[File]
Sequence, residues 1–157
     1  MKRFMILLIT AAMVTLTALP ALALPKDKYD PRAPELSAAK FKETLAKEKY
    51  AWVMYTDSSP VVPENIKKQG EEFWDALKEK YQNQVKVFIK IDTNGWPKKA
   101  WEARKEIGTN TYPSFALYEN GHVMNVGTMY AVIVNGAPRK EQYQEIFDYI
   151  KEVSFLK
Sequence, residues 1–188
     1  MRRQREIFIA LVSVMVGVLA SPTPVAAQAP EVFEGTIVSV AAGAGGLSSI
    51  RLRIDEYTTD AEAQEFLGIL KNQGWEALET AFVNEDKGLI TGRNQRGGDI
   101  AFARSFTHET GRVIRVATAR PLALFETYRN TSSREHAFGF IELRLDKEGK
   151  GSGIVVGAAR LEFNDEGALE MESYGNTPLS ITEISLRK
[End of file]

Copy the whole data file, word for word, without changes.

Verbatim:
Sequence, residues 1–157
     1  MKRFMILLIT AAMVTLTALP ALALPKDKYD PRAPELSAAK FKETLAKEKY
    51  AWVMYTDSSP VVPENIKKQG EEFWDALKEK YQNQVKVFIK IDTNGWPKKA
   101  WEARKEIGTN TYPSFALYEN GHVMNVGTMY AVIVNGAPRK EQYQEIFDYI
   151  KEVSFLK
Sequence, residues 1–188
     1  MRRQREIFIA LVSVMVGVLA SPTPVAAQAP EVFEGTIVSV AAGAGGLSSI
    51  RLRIDEYTTD AEAQEFLGIL KNQGWEALET AFVNEDKGLI TGRNQRGGDI
   101  AFARSFTHET GRVIRVATAR PLALFETYRN TSSREHAFGF IELRLDKEGK
   151  GSGIVVGAAR LEFNDEGALE MESYGNTPLS ITEISLRK